A couple of weeks ago I wrote a post about resistance, how it manifests in meditation and daily life and how we can work with it. I have continued to sit with this subject, and I asked myself the question: what is it like when there is no resistance? The word wholehearted immediately came to mind.
I love this word wholehearted, always have; the sense of being completely engaged in whatever I am doing, no part of me left out or split off. And I don’t think we are talking about a rare or elusive state here. I think it is common to be wholeheartedly absorbed in our activities – immersed in a project at work, playing with the kids, engrossed in a good book, dinner with old friends.
But sometimes we are not wholehearted about what we are doing. As I was doing some housework I asked: what would it be to be wholehearted about this cleaning? Just asking that question had the effect of engaging me more with the task. And it didn’t mean that I needed to do a whole big spring-clean, just to look a bit more closely and be willing to put a bit more effort in to reaching awkward corners. Nothing earth-shattering. But it made a noticeable difference to how I felt.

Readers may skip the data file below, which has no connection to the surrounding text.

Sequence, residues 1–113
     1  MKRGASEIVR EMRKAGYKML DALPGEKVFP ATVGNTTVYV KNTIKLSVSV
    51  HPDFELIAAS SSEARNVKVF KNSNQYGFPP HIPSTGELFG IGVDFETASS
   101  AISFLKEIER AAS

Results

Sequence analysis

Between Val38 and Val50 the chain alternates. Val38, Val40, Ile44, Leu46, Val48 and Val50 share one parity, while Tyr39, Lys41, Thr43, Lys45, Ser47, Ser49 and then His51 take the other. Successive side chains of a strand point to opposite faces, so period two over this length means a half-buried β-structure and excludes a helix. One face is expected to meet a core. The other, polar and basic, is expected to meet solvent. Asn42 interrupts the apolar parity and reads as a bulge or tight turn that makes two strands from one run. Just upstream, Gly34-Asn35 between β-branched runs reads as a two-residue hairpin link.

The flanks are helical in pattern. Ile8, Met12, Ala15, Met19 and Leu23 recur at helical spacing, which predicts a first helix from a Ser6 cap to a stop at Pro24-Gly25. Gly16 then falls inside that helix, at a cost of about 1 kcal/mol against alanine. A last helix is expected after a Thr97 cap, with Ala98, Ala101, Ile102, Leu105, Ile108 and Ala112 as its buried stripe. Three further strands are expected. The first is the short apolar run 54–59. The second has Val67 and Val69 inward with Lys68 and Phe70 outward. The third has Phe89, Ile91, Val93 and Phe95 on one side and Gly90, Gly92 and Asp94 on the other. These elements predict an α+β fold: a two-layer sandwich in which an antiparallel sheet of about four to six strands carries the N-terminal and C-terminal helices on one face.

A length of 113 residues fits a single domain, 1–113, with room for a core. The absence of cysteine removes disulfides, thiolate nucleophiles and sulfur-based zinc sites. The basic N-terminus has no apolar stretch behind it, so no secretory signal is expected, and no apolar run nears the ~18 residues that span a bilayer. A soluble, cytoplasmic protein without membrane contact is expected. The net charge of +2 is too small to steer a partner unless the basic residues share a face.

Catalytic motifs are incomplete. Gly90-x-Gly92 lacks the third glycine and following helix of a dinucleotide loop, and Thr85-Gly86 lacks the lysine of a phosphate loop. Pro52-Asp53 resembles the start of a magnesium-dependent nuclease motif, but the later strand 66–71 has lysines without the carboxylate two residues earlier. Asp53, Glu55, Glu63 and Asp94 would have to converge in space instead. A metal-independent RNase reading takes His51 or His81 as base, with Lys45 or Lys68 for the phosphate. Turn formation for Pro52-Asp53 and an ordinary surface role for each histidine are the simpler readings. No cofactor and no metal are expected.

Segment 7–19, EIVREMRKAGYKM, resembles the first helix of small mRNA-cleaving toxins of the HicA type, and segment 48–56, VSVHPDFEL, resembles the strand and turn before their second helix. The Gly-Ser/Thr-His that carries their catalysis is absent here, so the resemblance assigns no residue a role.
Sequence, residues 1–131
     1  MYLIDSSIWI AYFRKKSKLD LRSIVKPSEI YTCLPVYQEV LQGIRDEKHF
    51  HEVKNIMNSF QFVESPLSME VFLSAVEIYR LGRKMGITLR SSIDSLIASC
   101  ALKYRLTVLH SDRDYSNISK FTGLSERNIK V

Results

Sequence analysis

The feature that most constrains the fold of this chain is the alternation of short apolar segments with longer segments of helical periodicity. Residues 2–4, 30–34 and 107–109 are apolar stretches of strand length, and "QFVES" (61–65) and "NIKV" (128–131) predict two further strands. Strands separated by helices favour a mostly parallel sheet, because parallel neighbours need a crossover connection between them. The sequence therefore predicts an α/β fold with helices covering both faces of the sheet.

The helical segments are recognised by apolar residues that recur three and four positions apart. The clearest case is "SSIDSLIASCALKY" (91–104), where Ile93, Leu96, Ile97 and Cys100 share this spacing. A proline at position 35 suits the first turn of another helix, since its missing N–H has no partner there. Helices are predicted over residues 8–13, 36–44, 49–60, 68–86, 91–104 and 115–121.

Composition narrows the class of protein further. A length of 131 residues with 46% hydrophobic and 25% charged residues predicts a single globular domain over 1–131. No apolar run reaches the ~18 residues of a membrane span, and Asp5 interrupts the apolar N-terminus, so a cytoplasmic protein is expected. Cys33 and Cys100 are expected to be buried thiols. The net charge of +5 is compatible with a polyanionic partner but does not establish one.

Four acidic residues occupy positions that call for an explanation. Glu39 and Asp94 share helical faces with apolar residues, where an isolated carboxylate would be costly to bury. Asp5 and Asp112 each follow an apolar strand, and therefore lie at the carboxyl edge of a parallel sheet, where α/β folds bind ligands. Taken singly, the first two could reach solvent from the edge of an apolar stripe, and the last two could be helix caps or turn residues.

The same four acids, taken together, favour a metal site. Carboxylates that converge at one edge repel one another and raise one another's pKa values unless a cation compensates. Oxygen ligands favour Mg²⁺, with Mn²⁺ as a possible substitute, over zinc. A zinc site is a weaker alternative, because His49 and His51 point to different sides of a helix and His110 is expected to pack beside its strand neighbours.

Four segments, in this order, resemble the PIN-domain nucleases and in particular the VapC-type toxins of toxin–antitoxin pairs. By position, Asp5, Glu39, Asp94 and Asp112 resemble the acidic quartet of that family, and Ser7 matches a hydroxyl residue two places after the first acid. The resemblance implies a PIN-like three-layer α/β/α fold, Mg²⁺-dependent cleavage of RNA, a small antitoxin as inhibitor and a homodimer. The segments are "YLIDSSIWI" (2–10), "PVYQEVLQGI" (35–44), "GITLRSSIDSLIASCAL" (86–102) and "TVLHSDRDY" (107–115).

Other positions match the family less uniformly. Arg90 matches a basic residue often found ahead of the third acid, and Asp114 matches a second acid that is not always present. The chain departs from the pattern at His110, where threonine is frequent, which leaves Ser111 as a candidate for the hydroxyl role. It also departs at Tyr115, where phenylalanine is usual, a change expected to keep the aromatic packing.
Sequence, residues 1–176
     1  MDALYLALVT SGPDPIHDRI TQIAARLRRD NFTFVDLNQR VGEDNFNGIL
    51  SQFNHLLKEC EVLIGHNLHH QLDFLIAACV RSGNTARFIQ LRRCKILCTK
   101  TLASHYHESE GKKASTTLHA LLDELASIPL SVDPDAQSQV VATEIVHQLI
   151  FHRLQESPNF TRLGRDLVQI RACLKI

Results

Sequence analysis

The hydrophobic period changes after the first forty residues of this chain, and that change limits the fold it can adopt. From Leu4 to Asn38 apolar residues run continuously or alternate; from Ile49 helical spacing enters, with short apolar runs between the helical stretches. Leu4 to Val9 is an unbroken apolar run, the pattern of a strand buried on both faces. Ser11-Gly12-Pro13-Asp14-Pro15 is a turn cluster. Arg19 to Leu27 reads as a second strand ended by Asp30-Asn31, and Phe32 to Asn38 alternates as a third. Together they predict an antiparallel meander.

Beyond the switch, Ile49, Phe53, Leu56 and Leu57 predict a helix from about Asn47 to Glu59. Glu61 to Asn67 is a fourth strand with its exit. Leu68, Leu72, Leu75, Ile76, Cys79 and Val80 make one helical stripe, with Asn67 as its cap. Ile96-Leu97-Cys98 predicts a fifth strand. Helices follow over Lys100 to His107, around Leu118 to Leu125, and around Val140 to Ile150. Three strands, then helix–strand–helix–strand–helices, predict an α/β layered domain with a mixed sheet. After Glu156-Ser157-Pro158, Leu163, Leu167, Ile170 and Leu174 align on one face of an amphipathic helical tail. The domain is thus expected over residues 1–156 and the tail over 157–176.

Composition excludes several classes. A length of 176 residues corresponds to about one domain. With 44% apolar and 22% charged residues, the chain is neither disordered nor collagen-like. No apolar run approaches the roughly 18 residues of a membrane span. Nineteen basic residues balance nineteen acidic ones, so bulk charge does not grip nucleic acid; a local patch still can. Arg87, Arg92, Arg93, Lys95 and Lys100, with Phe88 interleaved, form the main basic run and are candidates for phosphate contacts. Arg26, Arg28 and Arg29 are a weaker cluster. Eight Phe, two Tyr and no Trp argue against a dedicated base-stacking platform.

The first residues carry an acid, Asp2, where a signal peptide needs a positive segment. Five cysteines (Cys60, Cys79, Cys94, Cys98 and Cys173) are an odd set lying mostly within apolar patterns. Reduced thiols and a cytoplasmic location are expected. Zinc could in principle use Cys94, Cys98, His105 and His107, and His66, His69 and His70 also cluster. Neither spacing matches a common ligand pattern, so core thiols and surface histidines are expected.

Just asking the question – can I be more wholehearted about this? – will show up the places, the awkward dusty corners, which we resist. If we are then willing to put the effort in to do something about them, I think wholeheartedness will become a more frequent and familiar experience and resistance will be much easier to transform.